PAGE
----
Every good team withers away eventually and it’s vital that the players coming up behind are there to take their place. That didn’t happen in Munster. They’ve got to the stage now where they’re bringing in project players – three of the five foreign players at the province are being groomed to play for Ireland one day. That’s great in terms of long-term planning but Munster are in trouble now. They need quality players now.
That won’t be easy obviously, given the financial side of things. It’s well-documented that Munster have lost money the last two years. In an ideal world, you want to try and balance the books or turn a profit but with falling attendances and an unsuccessful team, that’s getting tougher and tougher.
Missing out on the quarter-finals will cost more money this year.
Munster have not been good at sourcing finance from outside individuals or businesses with the purpose of funding player signings. That has to happen now. There are surely avenues out there that can be explored to supplement the budget as it stands.
I’m not talking about full salaries being paid but rather contributions that make it possible to get guys in. We can’t let it become the norm that people shrug their shoulders and just give up on the idea of getting world-class players in to go with the home-based players.
The reality is Munster have to be smarter about finding overseas players. BJ Botha is the only foreigner regularly playing in the team and they found him in Ulster. There needs to be a person in charge of recruitment full-time.
Nearly every club in England and France has a full-time recruitment specialist on the staff identifying players from all over the world. They’re not just going getting seasoned internationals. They’re unearthing players to develop.
French clubs are going to the Pacific islands organising tournaments to find players. Northampton have Dusty Hare, the former England international, working full time on recruitment. He went to America a few years back and found Manu Samoa who has been a revelation in the Premiership.
I know it’s not comparing like with like because French and English clubs can bring in as many foreigners as they like whereas Munster are restricted both by finance and the IRFU regulations.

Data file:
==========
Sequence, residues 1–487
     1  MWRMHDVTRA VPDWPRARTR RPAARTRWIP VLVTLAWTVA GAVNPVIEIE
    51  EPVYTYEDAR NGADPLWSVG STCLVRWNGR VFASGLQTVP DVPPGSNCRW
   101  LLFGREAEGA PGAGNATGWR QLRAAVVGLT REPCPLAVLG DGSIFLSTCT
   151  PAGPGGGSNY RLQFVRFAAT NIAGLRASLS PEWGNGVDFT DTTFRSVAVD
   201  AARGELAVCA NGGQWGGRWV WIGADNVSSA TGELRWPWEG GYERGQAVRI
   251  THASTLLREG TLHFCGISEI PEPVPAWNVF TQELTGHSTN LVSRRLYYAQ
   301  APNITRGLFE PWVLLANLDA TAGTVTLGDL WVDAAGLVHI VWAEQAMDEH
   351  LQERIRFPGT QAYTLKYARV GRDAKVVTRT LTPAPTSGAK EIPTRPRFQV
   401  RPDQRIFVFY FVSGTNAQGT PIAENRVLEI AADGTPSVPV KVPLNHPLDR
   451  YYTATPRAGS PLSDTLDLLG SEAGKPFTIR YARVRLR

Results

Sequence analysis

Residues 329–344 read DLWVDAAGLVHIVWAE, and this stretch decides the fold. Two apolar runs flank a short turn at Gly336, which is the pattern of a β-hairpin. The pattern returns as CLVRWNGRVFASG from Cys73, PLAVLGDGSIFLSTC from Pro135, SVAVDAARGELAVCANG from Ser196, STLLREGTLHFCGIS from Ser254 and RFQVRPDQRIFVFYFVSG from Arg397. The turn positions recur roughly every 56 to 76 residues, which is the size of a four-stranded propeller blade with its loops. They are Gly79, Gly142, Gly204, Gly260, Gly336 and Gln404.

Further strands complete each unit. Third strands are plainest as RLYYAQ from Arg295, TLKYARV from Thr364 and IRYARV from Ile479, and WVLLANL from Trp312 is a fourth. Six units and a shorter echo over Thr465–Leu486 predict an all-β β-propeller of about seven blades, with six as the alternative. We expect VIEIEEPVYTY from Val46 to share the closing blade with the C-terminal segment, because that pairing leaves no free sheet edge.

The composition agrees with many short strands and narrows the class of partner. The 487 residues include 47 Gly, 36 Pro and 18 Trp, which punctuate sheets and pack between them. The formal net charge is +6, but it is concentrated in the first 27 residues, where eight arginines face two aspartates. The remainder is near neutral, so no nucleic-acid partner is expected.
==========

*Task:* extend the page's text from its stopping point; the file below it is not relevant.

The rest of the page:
But the wider point is that they’re putting far more into finding players than Munster are.
Munster are always able to ring up guys like John Langford or Jason Holland or Jean De Villiers to ask about this player or that player. But that’s not good enough anymore. There has to be a more structured, organised way of finding guys in other countries.
The reality now is that European rugby is at a different level. There is more money, the competition has increased. But Munster have to find a way to compete.
Short-term, there needs to be one or two marquee signings. They have to get a couple of world class players in for next season. It’s essential, not just from a playing point of view but from a mentality point of view. They need to change the atmosphere and give their supporters something to hold on to.
Top-class players join a club for two reasons – salary and the prospect of trophies. Munster need to be able to offer both. When we signed Dougie Howlett, it told everyone in the province that we were only interested in the best. It laid down a marker. I know it’s harder for Munster to do that now, especially since they’ve gone so long without a trophy. But sport is absolutely ruthless and Munster have to be ruthless to compete.
They have no chance of winning a Champions Cup the way things are now. They are too far off the pace. Yes, it was a tough draw with three of last year’s semi-finalists in the pool but Munster have come through tough draws before. Making excuses won’t get anyone very far. There has to be action.
The longer they go without success, the harder it will get. The Pro-12 becomes crucial to their season now. It’s almost a must-win. They have to show that they are capable of winning a trophy again. Once they do that, they will become more attractive to potential signings.
This isn’t a matter of panicking. The sky didn’t suddenly fall in because Munster lost three matches in a row in Europe and didn’t make the knockout stages. But we can’t kid ourselves. The gap is widening by the year to the big French and English clubs and these are worrying times.